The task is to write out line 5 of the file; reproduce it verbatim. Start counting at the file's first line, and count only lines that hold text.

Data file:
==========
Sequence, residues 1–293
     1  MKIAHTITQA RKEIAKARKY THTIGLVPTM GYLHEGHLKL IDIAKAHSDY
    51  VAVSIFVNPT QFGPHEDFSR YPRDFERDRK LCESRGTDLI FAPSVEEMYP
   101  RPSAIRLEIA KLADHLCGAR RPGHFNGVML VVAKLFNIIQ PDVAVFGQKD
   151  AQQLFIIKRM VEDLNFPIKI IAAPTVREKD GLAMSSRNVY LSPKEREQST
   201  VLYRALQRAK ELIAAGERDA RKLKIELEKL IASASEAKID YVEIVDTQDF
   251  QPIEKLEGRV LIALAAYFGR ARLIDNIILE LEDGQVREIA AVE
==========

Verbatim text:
   151  AQQLFIIKRM VEDLNFPIKI IAAPTVREKD GLAMSSRNVY LSPKEREQST